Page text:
Ancestors, Legends & Time

Christmas past on Webb City’s Main Street

Jeanne Newby

Christmas is almost here! Just a little over one and a half weeks till Christmas day. I always like to take a trip down Christmas Memory Lane on Main Street of Webb City. I know many of these memories have been shared over the past 29 Christmases that I have been writing my column of Ancestors, Legends and Time. But it is fun to recall memories of Christmas Past and compare them to Christmas Present and hope for a wonderful Christmas Future. Here are a few memories shared by readers over the years.

Christmas caroling seems to be a tradition of the past. I remember in high school the choir would walk through the halls singing Christmas carols and each class would stop working and listen to the sweet voices. Many churches still have caroling going to visit shut-ins, elderly, etc. But not too often do families just walk down the streets caroling to their friends and neighbors. We tried that one year (quite a few years ago) and some of our neighbors who didn’t know us well and didn’t understand the zaniness of our family looked at us as if we were insane. They did accept our cookie offerings and listened to our off key singing… but we didn’t do that again. We do, however, enjoy the Christmas Carols at our family celebrations!

Music was played all day long on the Main Street of Webb City, provided by Webb City Bank from speakers on top of the drive-through branch. The lit-up Santa with sleigh and reindeer on top of the drive-through building added additional charm.

Decorated store windows were a hit in the ’50s and ’60s. The Otasco (Oklahome Tire & Supply) was a big hit with their life-size Santa that moved and waved to children passing by. Sue and Jim Lightle, who operated Otasco, told of families parking in their cars in front of the store so the children could watch Santa in the window.  And those same children were breathless as they looked at the bikes, dolls, and many toys in the window sharing the limelight with Santa. The Kress dime store windows were full of the many trinkets that could be purchased with those treasured coins in clenched fists and tiny pockets. The Western Auto created a stir with their toys that were often whispered in the ear of Santa as a much needed present.

Santa Claus could be found at The Hub, where he patiently listened to each child as they told him of their wishes. Some of the employees shared those wishes with parents. And of course Santa would be in the annual Christmas parade. One year, (mid 40s) Santa came into town by plane at the airport. I heard that was an exciting treat.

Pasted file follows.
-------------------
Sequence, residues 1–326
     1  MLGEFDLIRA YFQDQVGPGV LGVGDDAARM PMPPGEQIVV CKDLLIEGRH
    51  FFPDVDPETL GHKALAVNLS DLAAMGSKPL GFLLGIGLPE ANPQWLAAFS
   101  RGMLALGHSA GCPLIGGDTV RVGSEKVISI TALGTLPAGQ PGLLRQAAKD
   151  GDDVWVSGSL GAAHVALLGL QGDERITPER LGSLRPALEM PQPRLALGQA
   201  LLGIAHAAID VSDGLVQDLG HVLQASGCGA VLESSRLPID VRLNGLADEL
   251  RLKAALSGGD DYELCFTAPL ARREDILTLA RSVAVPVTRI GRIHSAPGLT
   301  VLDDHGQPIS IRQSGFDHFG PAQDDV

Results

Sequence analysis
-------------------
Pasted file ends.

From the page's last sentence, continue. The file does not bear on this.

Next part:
Grocery Stores got into the Christmas spirit by displaying all kinds of toys on top of the refrigerated section of the store. They also displayed Christmas Trees outside of the store for families to choose trees on grocery shopping days. Many traditions in the days of past was for the family to go out in the woods and cut down their own tree. Often the choices for the tree were larger than the house could handle. I remember the men having to cut the tree down smaller and it still took over the living room. Children don’t mind being dwarfed by a Christmas tree!

Shopping on Main Street  was a great event. We didn’t have malls in those days but we had plenty of stores on Main Street that carried everything you needed for Christmas. You could buy your ornaments, lights, trees, gifts, and a snack for hungry shoppers. Often waving to friends and calling out Merry Christmas added to the charm of shopping. If a little snow began to fall, you couldn’t ask for happier shoppers.

We can’t have memories of shopping Main Street of Webb City without mentioning the famous 27-foot Christmas tree that graced the intersection of Broadway and Main Street. The tree was donated by R.H. Prigg Sr. from Oronogo. The tree was sponsored by the Junior Chamber of Commerce, and it was a big hit. The tree was so big, traffic couldn’t be seen around it so a police officer, Leo Romero was positioned at the intersection to direct traffic around the beautiful tree. Leo was a popular fellow as friends would holler out Christmas Greetings to Leo while he worked. But alas, even though to many children it seemed as if the tree was there for several years, it only made it one year before the idea was vetoed. But that short lived tradition left a lasting memory.

Back to Christmas Present, be sure to enjoy the beautiful lights at King Jack Park.

Jeanne’s new book, “The Zinc City, Webb City, Missouri” is now available at Webb City Chamber Office.

Jeanne Newby

A lot of us appreciate the Bradbury Bishop Fountain, but Jeanne actually worked behind the counter making sodas while she was in high school. She knows everything about Webb City and is a member of the Webb City R-7 School Board.